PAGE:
The government has agreed to publicly disclose asset declarations filed by politically exposed persons, civil servants and their spouses, a move aimed at meeting a condition set by the International Monetary Fund.
The details submitted by the high-level public office holders and civil servants will be made public to ensure transparency and the government will omit the secrecy clause from the tax law to ensure public disclosure of the information.
But the government could exempt the members of the judiciary and armed forces from the compulsory disclosure of asset declarations, sources told.
A legal amendment will be introduced in the Income Tax Ordinance through Supplementary Finance Bill 2021 to ensure compulsory filing of the asset declarations and their disclosures, the sources added. The amendment will be part of the mini-budget that the government is going to introduce to qualify for the $1 billion IMF loan.
The government is walking a tight rope to implement all conditions by end of this month, if it is keen to get the IMF Board’s approval for the loan tranche on January 12.
The sources said that the IMF has imposed another condition that the high-level public office holders and the civil servants of basic pay scale (BPS) 17 and above, their spouses, children or benamidars, or any person in relation to whom these persons are beneficial owners will file their asset declarations with the Federal Board of Revenue. These assets will be then made public.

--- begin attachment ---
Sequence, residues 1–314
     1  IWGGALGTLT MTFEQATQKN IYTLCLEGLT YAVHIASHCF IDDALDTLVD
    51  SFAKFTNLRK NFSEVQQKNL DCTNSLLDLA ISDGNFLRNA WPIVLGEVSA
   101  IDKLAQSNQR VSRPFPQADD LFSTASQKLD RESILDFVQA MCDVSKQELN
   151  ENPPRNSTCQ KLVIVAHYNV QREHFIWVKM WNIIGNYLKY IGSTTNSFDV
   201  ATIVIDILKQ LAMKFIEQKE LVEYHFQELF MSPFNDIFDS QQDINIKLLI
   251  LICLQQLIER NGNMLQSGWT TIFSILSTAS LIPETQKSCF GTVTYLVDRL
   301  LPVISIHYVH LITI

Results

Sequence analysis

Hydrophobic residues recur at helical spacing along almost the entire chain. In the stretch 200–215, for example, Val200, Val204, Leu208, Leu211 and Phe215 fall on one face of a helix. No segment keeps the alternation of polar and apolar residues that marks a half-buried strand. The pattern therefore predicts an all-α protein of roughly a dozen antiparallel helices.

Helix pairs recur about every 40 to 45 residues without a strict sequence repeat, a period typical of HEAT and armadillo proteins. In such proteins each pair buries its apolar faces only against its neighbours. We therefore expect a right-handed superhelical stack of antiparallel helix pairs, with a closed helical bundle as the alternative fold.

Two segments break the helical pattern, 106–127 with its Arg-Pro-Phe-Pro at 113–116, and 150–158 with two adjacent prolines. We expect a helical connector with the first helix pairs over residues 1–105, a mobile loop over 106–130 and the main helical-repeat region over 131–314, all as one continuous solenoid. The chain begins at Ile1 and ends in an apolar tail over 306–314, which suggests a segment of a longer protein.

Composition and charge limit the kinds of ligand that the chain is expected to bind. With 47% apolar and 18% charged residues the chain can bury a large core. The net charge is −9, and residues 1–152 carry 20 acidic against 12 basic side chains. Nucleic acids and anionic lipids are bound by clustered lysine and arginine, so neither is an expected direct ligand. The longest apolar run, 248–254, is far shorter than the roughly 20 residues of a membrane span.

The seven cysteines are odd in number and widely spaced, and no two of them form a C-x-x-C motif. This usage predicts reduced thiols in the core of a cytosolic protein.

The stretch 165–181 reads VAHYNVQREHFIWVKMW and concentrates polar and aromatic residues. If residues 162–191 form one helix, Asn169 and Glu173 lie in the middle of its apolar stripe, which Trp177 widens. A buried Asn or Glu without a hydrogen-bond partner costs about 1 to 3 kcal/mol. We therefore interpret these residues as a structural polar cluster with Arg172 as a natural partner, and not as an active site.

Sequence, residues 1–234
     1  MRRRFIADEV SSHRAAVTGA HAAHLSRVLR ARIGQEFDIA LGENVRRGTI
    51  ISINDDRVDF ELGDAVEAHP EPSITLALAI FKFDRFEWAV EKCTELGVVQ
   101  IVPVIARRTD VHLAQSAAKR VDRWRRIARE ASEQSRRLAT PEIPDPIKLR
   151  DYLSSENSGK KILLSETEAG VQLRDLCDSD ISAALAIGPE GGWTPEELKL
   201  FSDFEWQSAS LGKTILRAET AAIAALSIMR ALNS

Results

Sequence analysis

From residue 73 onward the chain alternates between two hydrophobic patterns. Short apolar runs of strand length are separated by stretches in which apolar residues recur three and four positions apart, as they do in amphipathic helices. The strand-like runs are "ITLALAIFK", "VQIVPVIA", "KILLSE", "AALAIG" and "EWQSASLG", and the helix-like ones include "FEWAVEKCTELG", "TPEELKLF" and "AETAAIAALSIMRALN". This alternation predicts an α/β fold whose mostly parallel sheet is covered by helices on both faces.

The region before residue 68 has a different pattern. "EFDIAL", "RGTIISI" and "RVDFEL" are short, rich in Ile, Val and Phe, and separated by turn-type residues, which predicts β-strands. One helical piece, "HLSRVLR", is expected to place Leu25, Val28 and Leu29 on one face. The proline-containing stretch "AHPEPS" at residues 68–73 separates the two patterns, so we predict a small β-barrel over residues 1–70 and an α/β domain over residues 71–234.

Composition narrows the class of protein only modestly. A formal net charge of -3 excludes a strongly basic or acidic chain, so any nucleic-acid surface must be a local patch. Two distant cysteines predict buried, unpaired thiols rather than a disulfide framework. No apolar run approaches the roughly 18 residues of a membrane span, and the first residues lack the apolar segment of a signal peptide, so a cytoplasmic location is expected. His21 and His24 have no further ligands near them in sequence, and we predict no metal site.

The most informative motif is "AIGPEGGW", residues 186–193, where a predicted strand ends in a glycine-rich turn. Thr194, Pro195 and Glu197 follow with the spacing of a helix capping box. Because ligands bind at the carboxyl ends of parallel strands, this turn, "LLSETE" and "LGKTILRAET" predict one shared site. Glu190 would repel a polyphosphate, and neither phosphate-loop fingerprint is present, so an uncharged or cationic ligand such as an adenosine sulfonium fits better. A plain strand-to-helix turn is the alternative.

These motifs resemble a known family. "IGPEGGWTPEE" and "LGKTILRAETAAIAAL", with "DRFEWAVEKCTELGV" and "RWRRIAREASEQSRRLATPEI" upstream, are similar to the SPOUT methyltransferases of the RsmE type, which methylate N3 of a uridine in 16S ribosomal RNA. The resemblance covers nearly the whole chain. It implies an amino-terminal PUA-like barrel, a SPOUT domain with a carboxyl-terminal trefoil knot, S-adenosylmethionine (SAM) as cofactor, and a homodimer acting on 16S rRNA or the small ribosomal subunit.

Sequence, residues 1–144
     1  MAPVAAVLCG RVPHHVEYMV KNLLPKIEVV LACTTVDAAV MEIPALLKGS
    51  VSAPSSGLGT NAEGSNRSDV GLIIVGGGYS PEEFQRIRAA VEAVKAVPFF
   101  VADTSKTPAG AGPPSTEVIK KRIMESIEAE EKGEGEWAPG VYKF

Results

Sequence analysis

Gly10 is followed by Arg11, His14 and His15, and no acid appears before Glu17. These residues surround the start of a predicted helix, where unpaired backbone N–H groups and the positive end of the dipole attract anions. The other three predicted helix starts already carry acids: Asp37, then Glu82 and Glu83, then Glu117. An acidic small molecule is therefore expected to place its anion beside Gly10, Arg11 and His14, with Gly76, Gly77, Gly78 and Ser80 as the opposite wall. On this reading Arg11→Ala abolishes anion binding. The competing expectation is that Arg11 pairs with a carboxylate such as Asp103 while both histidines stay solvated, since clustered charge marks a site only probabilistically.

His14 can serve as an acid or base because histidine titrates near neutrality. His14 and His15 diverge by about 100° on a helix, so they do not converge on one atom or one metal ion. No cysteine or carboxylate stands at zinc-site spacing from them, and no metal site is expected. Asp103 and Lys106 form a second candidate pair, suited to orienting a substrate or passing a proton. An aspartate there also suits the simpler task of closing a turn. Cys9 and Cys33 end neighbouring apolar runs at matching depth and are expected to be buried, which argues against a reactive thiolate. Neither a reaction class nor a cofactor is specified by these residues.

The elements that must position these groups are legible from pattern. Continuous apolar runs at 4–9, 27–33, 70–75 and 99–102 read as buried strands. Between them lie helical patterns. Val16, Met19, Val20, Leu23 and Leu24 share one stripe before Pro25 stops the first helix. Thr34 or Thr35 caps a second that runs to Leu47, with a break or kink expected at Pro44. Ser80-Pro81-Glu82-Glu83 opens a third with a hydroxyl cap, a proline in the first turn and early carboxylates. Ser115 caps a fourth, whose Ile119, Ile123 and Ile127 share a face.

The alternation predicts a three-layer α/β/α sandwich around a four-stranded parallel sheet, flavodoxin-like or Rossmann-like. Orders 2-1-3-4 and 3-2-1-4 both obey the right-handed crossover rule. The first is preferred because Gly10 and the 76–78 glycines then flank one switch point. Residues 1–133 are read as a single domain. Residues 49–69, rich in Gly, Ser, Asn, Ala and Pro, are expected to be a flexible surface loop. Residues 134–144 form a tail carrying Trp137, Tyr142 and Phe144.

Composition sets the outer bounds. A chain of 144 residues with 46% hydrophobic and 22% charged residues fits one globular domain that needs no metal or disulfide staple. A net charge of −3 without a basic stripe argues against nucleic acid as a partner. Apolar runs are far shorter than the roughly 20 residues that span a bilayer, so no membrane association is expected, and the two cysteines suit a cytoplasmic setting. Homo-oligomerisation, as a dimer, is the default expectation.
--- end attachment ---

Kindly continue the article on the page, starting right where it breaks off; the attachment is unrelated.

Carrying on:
The government has also defined the high-level public officials who will be required to file their declarations which will be made public. An amendment is being drafted where only politically exposed persons defined by a rule, regulation, executive order or instrument; or under any law for the time being in force would be required to file their declarations, the sources said.
The government had resisted the demand to ensure compulsory declaration on the grounds that these people were already required to submit their asset details in the Establishment Division. However, the IMF did not agree to it and instead asked Pakistan that such declarations should be filed with the tax authorities.
However, many bureaucrats did not file their asset declarations, nor did they submit their annual income tax returns, including many taxmen.
The IMF’s view was that any important position holder drawing salary from the budget should disclose assets to ensure transparency.
“The disclosure of information in respect of high-level public officials is proposed in line with the requirements of the development partners, rule of law and integrity,” the note sent by the FBR chairman to the finance adviser about changes being made in the tax laws read.
However, the government has found a way out where the declarations filed by members of the armed forces would not be made public, the sources said, adding that the exception has been created by Law Minister Barrister Farogh Naseem.